Disappearing TV Ads: Really? They Disappear

TV-style advertising that disappears? Sounds like, well, TV advertising.

Your friendly TV media buyer always thinks along those lines. So you might see the same financial TV commercial on CNBC from one day to another... and another. TV/video advertising is still all about reach and frequency – or, as our dearly departed friend Erwin Ephron would say, “recency.”

This is an area the social media messaging app SnapChat seemingly wants to play in, with messages that disappear soon after their respective release.  SnapChat wants to charge up to $750,000 a day to some marketers -- all with the hope of grabbing perhaps some 1 million unique viewers in one day. This would be much more than what YouTube charges for its top advertising placement -- but less than Apple’s iAd $1 million a day media buy.

Some would say this is different: We are talking about those hard to reach consumers, the Millennials and Gen-Xers. You need to start somewhere -- those areas where the “light” TV viewers reside. So you go after traditional TV marketers’ money for this stuff? Maybe.



But we won’t still have much in the way of who is seeing those disappearing advertising campaigns -- men, women, rich or poor? At least in TV we may have some idea.

SnapChat takes great pains to let its users know that conversations disappear soon after there are sent -- leaving no trace.  TV advertising messages already do the same thing -- though there are hundreds of ways of reviving them digitally, should your brain desire to refresh some corporate “messaging.”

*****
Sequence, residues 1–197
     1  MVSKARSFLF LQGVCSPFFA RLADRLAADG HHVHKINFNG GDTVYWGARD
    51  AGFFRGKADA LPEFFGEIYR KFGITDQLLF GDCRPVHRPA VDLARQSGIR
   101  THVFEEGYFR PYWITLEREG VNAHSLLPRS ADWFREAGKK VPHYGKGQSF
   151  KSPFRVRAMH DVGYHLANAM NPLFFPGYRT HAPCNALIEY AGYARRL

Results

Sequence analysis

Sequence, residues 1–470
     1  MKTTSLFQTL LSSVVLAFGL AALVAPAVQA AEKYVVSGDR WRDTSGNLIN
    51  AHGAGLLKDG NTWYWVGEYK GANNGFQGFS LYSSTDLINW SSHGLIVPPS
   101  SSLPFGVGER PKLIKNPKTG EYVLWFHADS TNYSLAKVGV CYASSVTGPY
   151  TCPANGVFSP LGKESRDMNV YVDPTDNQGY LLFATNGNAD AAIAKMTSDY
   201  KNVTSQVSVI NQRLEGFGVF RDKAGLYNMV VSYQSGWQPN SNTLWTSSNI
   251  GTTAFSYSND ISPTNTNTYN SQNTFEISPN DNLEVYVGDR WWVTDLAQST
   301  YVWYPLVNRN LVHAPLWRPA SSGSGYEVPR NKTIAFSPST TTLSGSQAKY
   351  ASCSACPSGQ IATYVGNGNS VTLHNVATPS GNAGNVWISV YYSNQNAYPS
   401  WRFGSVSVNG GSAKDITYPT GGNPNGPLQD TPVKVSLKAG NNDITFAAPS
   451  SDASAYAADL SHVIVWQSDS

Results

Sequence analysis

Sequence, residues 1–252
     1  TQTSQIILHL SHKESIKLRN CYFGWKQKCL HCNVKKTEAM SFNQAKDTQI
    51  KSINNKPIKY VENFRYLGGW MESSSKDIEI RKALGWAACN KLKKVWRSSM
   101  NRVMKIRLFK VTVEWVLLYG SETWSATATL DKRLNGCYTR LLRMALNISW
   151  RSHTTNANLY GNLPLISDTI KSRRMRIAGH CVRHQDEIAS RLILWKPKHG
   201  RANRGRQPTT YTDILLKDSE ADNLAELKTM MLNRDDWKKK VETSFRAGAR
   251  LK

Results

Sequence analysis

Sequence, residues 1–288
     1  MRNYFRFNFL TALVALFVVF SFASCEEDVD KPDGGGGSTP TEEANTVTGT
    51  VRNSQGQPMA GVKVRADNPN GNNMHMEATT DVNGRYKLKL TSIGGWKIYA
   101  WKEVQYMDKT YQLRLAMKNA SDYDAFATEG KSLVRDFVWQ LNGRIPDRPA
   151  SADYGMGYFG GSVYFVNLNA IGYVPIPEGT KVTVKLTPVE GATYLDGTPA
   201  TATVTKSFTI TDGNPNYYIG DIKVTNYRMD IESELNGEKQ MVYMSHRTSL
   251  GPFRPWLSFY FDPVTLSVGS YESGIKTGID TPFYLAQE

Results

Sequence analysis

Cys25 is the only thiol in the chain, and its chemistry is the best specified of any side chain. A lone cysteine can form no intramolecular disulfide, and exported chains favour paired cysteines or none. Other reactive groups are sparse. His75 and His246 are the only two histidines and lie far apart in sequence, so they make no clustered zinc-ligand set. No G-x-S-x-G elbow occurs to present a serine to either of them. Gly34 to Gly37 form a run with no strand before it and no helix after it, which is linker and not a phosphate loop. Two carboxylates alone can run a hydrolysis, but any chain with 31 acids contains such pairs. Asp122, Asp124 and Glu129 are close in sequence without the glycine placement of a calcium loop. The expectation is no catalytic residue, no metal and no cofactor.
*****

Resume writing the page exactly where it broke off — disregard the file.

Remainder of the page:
Users sometimes want no trace that their content has been around; marketers may have other ideas.

2 comments about "Disappearing TV Ads: Really? They Disappear".
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  1. Leonard Zachary from T___n__, January 16, 2015 at 2:34 p.m.

    This lacks sense. A 30 second spot delivered via linear programming is shown to its audeince and then it "disappears". Snapchat is going to "broadcast"the same ad to its audience and then it "disappears". The video ads all "disappear" but the audiences are different. The cost differential and conversions is where the game is at. Can you write about the Snapchat attribution model and how it works?

  2. Paula Lynn from Who Else Unlimited, January 16, 2015 at 7:09 p.m.

    Who pays ? In the great nature of things, does anyone realize how absurd this is to spend this kind of money on ... what ? Heart wrenching.

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